Uzbekistan is not really famed for its cuisine, so I wasn’t expecting much from Uzbek food, however, in general it was quite tasty. Uzbeki food is very meat heavy, and also carb loaded probably to help in the extreme winter. It’s not a country for fussy eaters, but if you’re open to try new things you may be pleasantly surprised.
There are lots of local specialities to try and below are some of my top recommendations of foods to try in Uzbekistan.
Trying horse milk
Uzbek speciality, horse milk was something I didn’t even realise people drank until I was offered it at a market.
Horses are farmed for meat in Uzbekistan and the meat is found everywhere fairly cheaply. It’s served in many forms, one of which is a noodle based broth which originated in Kazakhstan. The second version I saw at virtually every market we passed and is served as a plate piled high with shredded fried dough strips with tiny pieces of meat mixed in, topped by some horse meat sausage. The second dish was actually fairly tasty although quite heavy, the meat tasted rich like venison.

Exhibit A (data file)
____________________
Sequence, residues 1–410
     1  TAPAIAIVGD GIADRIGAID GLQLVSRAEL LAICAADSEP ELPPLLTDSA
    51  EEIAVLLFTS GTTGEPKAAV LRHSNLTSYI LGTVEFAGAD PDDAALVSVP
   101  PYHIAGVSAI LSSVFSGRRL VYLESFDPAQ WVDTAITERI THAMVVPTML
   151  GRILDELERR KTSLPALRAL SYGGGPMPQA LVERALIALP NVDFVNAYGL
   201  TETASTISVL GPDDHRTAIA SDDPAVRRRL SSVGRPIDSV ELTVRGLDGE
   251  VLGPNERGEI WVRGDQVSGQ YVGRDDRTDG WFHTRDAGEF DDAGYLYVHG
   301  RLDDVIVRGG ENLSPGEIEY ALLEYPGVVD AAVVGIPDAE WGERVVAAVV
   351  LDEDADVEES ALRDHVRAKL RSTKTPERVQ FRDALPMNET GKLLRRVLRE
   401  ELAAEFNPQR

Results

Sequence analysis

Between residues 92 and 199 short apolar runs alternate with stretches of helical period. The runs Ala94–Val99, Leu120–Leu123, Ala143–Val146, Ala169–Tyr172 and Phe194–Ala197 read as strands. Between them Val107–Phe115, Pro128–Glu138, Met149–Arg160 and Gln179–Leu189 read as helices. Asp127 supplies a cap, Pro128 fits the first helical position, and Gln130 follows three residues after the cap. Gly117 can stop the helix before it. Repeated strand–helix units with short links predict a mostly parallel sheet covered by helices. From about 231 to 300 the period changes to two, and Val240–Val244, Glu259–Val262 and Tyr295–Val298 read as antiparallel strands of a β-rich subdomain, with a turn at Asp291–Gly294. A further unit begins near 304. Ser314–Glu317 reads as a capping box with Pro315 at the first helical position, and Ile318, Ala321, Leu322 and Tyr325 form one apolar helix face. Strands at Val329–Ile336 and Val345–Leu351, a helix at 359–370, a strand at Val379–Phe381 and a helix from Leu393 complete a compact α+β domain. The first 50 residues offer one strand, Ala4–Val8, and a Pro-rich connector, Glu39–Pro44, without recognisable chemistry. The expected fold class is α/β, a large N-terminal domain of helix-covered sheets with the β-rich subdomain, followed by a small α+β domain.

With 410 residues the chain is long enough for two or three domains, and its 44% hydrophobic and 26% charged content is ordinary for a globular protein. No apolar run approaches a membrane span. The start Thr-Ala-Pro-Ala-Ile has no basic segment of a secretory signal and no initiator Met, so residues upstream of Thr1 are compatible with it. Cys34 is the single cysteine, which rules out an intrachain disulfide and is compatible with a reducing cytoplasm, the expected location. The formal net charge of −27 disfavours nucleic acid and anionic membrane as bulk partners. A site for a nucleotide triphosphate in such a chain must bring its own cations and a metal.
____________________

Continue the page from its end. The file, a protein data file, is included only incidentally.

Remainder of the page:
It’s unusual for us in Europe to eat horse and it did take a little while for me to get my head around it. Equally I’m not 100% sure of the ethics of eating horse meat but for those amongst us who are big eaters it’s worth a try.
Dumplings, kebabs & dried fruit
dumplings are abundant in Uzbekistan; usually filled with beef and onions. They are cheap & easy to grab as a snack from the side of the road. Most markets sell kebabs of various types, often keema or chicken but also beef liver is quite popular. Another easy and cheap buy are the dried fruit and vegetables, available in every variation possible including melon, chickpeas and grapes.